If you were awake a little past 6:00 a.m. in Clifton, Virginia this summer, you would've spotted Roopinder Mahil hoofing it on the streets with his friends and teammates.
The senior wrestler for Centreville High School started his mornings with a three-mile run, the first of two workouts he did most days. Later on, he'd hit the gym to build strength for the upcoming school year and season—in which he hopes to attract interest from college coaches after winning more than 90 percent of his matches last season. And not long after lifting, he'd head to a rock wall, where he worked part-time as a climbing instructor.
Roopinder at a wrestling match. (Courtesy of Roopinder Mahil)
With so much physical activity packed into his days—and his sights set on turning heads as a varsity wrestler this season—it's hard to believe that as a kid, Mahil had such terrible issues with breathing that he could barely get through his classes.
"I remember in first grade, I missed a month of school because of asthma," Mahil recalls. "I was always sneezing or going up to get tissues because I wasn't feeling well. I was missing all the material that was being taught in class."
Mahil suffered from a severe form of asthma that restricted him both academically and physically. The condition made it hard to concentrate for long periods of time. His restricted airflow also made him feel lethargic. He couldn't be as active as he wanted, and when he tried, his body would shut him down.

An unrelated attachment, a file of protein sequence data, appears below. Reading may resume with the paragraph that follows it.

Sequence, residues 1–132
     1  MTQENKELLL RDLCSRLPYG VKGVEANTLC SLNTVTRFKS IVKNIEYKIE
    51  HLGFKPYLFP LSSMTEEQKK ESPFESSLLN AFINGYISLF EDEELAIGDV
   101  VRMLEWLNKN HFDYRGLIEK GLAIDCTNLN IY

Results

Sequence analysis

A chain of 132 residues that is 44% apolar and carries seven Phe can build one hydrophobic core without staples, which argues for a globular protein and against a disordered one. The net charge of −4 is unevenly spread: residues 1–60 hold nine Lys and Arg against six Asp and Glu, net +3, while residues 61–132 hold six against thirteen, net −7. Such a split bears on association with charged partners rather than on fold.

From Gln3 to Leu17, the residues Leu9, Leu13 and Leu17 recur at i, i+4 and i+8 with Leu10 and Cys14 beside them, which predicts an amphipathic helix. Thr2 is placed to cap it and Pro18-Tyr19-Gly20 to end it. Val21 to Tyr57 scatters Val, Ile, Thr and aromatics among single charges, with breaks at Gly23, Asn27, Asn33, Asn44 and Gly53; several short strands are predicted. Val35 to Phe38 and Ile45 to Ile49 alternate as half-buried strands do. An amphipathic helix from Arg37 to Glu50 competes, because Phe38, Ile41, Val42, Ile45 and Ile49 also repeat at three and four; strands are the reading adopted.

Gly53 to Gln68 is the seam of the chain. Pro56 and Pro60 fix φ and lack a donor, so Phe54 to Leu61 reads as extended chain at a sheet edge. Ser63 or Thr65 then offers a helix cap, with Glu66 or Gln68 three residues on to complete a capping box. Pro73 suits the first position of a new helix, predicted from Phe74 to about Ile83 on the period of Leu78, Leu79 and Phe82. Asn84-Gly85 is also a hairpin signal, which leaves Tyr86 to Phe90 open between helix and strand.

"I couldn't go outside to play with my friends," Mahil says. "I would run out of breath after a minute of running."
By the time he reached 7th grade, Mahil was fed up with feeling sluggish and inactive. He took an interest in weight training, started working out in the gym, and noticed some improvements. Later that year, his mother took him to India to see healers who used home remedies, and the treatments improved his condition.
Centreville High School gym in Clifton, Virginia. (Courtesy of Roopinder Mahil)
"They use medical herbs instead of antibiotics to cure diseases, and it actually helped," Mahil says. "I don't know if you can cure asthma, but I feel much better now. I didn't have any breathing problems by the time high school came along."
His improved breathing led to his heightened athleticism. By the time he entered high school, Mahil was ready to try a new sport but uncertain about which one to choose. A friend persuaded him to check out wrestling—although Mahil was a little confused about how it worked.
"What I first thought of was like fake wrestling—WWE with chairs and everything," Mahil says with a laugh. "I didn't know there was such thing as Olympic wrestling. So I went there and was shocked because it was so different than the wrestling I'd watched as a little kid, you know, the one with the chairs and stuff."
Mahil got off to a rocky start, losing his first few matches. But as he began to learn the intricacies of the sport, and how to train for it, his performances on the mat grew much stronger.
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"I started reading STACK articles on wrestling, because the website has a lot of information on the sport of wrestling and how to train for it. I went there and looked up the proper deadlifts and stuff like that. With that, and through hard work, I was able to be successful."
Roopinder Mahil raises his arm to signal a win on the mat. (Courtesy of Roopinder Mahil)
This season, Mahil plans on wrestling in the 138-pound weight class for Centreville's varsity team. To get an edge on opponents, he's been studying new takedown techniques. "There are a lot of techniques people don't know. The basics, everyone knows, but it's usually the techniques nobody knows that will rack you up a victory."
No matter how the season plays out, Mahil's triumph over asthma and finding his inner athlete are solid wins.